Last week, I had some lengthy and complicated foot surgery, and the Orthopod/foot surgeon as per my suggestion used Toradol IV during and on closure.
He gave me an rx for po Percocet an rx for Toradol. Re the Precocet, which I took as directed for one day and half the dose for the next day and DCed it on the third day. No real pain relief besides filling like someone hit me in the forehead with the baseball described above. Constipation for me comes with a single dose of a narcotic/opiate.
In spite of warnings that PO Toradol, a non steroidal, might not cover the pain. I started rotating the doses of the Toradol and Percocet on the first day at home post surgery., I’m doing fine with it and had no narcotics after the second day. I started walking with the boot two days ago, and I am apparently about a week ahead of schedule re recovery.
I take 4 15mg ER morphine tablets per day for lower back pain. It dulls the pain enough to let me function at a much reduced capacity. Without it I can barely move. I am caught between the pain if I don't take them and the nausea if I do. I go through a sleeve of saltines a day fighting nausea.
The only good news here is that I am not experiencing any feelings of opiate addiction. As a Friend of Bill W., I have a pretty good handle on that.
SweetiePalm can't drive any more so I have to do the grocery shopping. If I am going out I have to wait so long after taking a morphine that I usually can barely get the car unloaded from the pain. I take a morphine and have to sit or lie down until it takes effect, usually about an hour.
I am very concerned that some unknowing bureaucrat is going tell my doctor that he can't prescribe for me any more or reduces the amount to where I am bed ridden.
Garde la Foi, mes amis! Nous nous sommes les sauveurs de la République! Maintenant et Toujours!
(Keep the Faith, my friends! We are the saviors of the Republic! Now and Forever!)
LonePalm, le Républicain du verre cassé (The Broken Glass Republican)
The unfortunate situation is that true personalized care is becoming non-existent. Doctors used to be well acquainted with the patient and their reactions to different medications and would tailor them to the individual, but unfortunately most doctors don’t bother anymore and it’s only going to get worse.
Those who don’t fall into the “average patient” category will and are suffering — as you shared your and your wife’s experiences.
‘Recognize it as an emphatic warning about Opioid based painkillers. Recognize their dangers.”
I couldn’t agree with you more — it is unfortunate that some take it, even though they don’t really need it, but that is no reason to deny the meds to those who truly need it. This is where a normal doctor-patient relationship would be helpful — where the doctor knows the patient and his/her needs and reactions. Unfortunately this is fast becoming non-existent and is being replaced by “one-size fits all” — but it doesn’t...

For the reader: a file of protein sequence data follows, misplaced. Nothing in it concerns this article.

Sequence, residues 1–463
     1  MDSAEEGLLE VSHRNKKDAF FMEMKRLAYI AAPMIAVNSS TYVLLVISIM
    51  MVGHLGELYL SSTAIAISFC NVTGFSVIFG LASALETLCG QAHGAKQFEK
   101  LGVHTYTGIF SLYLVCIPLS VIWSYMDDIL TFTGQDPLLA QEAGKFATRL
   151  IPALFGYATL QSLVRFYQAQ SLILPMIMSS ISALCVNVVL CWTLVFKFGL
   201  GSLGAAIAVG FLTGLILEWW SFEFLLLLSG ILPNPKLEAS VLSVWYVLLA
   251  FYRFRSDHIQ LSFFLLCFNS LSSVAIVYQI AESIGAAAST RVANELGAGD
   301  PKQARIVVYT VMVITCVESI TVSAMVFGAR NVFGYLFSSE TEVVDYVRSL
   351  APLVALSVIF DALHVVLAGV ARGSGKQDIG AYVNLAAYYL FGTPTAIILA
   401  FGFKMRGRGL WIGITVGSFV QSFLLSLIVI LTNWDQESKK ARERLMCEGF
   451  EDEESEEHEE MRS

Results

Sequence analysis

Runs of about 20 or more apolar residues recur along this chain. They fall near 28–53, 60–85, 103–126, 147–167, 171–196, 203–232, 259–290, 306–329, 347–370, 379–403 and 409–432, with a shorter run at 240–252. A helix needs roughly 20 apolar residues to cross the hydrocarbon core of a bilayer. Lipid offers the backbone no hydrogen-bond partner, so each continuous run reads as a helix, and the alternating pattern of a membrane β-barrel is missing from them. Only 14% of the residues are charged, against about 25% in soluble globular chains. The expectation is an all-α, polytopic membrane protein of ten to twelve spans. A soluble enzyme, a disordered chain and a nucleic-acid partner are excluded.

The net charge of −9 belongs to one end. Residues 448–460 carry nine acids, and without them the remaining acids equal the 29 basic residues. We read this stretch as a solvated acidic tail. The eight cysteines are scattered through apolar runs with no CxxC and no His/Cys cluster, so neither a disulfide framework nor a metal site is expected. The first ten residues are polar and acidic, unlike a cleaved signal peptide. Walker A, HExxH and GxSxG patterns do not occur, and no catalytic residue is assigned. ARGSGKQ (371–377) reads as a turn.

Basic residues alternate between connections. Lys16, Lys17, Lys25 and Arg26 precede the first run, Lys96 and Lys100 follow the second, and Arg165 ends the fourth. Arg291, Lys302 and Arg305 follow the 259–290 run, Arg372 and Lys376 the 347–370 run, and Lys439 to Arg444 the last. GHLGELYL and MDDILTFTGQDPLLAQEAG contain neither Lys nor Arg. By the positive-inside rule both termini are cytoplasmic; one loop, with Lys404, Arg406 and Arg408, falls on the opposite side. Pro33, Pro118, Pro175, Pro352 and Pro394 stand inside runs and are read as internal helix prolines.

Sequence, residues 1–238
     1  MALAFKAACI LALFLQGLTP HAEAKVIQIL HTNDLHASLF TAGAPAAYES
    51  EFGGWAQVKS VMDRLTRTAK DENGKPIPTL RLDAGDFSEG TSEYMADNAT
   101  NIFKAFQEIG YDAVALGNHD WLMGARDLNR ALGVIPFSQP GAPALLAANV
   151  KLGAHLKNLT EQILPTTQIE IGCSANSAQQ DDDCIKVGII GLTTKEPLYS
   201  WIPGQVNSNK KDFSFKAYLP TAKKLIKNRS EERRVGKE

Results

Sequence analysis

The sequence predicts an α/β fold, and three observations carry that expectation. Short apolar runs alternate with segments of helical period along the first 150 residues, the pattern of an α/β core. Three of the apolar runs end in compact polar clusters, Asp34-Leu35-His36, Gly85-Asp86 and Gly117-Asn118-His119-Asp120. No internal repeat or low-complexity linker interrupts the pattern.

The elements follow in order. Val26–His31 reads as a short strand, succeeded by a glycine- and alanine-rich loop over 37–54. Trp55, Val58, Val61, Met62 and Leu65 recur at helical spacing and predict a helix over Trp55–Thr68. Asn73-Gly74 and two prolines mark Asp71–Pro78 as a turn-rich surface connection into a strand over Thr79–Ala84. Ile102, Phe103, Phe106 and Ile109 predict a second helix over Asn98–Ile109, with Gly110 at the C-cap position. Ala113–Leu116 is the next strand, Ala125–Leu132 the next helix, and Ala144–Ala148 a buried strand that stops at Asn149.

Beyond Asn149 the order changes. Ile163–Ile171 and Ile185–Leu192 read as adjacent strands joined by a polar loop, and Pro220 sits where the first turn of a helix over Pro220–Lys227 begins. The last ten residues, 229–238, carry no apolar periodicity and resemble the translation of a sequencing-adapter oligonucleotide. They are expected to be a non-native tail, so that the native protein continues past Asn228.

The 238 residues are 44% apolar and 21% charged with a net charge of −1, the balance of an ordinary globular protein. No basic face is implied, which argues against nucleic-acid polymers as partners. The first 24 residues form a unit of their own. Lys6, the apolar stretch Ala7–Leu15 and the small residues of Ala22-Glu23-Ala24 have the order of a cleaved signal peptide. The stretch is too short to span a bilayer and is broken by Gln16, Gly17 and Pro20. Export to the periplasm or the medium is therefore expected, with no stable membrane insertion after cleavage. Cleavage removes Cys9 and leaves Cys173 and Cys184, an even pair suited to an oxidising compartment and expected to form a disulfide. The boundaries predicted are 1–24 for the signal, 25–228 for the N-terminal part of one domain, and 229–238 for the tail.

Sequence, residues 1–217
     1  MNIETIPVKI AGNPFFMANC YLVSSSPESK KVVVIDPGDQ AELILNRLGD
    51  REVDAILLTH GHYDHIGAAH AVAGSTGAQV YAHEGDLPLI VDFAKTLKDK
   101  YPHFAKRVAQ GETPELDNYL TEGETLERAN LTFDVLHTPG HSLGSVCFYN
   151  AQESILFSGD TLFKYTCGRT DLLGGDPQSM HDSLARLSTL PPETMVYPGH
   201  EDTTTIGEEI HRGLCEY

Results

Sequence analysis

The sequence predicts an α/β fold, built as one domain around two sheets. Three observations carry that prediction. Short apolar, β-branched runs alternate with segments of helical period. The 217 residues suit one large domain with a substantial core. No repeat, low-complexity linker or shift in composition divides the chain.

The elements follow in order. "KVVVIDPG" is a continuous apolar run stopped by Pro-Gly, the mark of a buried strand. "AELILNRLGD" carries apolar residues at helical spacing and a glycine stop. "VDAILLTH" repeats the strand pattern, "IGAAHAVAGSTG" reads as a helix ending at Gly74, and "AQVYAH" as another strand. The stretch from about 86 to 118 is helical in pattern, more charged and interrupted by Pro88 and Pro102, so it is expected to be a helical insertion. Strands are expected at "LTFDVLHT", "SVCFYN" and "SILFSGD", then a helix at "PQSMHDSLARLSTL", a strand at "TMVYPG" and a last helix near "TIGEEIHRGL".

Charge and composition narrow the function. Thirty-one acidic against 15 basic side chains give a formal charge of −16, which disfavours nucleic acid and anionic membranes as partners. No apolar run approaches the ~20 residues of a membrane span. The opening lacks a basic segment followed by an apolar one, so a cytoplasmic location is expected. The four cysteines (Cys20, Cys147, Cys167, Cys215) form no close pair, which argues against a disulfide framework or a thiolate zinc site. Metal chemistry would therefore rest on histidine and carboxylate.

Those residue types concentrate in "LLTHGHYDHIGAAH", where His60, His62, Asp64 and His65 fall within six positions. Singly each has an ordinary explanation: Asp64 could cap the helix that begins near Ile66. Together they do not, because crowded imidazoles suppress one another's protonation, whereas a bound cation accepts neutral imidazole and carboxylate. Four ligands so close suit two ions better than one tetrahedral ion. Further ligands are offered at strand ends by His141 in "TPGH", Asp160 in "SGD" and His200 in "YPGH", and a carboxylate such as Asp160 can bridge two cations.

I’ve never taken anything stronger than ibuprofen but I have see Oxy and such wreck a lot of lives.
I was prescribed hydrocodone and oxycodone for pain caused by a back injury from a car accident. The medication worked very well to manage the pain and I typically only took it after physical therapy or at night to sleep. The doctors then switched me to Tramadol stating that they felt it was better if I took a non habit forming pain medicine for long term therapy. Yeah, that worked out great! The Tramadol didn’t touch the pain so after a couple of weeks I simply quit taking it and coped with the pain. I was only able to stop taking the Tramadol for a few nights. I had severe physical withdrawal. It was an absolute battle to get off that crap. I shared this with the doctor and he just wrote me a prescription for something else.
Well I filled the prescription, went home, and read the informational packet that came with the medication. It was an anti depressant that had a wide range of possible side effects such as suicidal episodes and psychotic episodes. I immediately called the doctors office and let them know I refused to take it because of the possible side effects. The doctor told me he’d just give me more Tramadol. I told him to shove it.
Personally, I’ve never had an issue with withdrawals when I stop taking Percocet, Vicodin, or any of its generic forms. No bad side effects, nothin. That synthetic “non habit forming” crap was horrible though.
Have lived a fairly normal life thanks to hydrocodone for the past 6 years. I personally fear decisions and attitudes that will affect my access to these drugs. In my case, they are cheap and effective, giving relief that expensive man made alternatives have failed to do. I am fortunate that these drugs do not give me a high or make me sleepy. Instead they give me energy and reduce my pain level to the point that I can sit through a movie or perform minor work around the house. Continued access to these drugs is not automatic. I have to periodically see my pain doctor and have blood work performed. On occasions when pain is out of control or special situations (travel w/o access to medical treatment in U.S.), I’ve had to have an epidural. The cost of an epidural is around $1,800 versus $50 for a 90 day supply of hydrocodone. Besides the cost, there are risks associated with epidurals as well as negative long term effects from steroid injections. I gladly prefer the hydrocodone to riskier treatment, higher costing drugs, and the prospect of no treatment.
Well, good for you. But do you have the insight to understand that what is good for you is not necessarily good for everyone else?
Prescription drug overdose deaths now exceed deaths from motor vehicle accidents in many states. This is not a hypothetical problem....And..What is the problem? You die of something, anyways, and Obamacare is taking care of the old age hypothetical problem.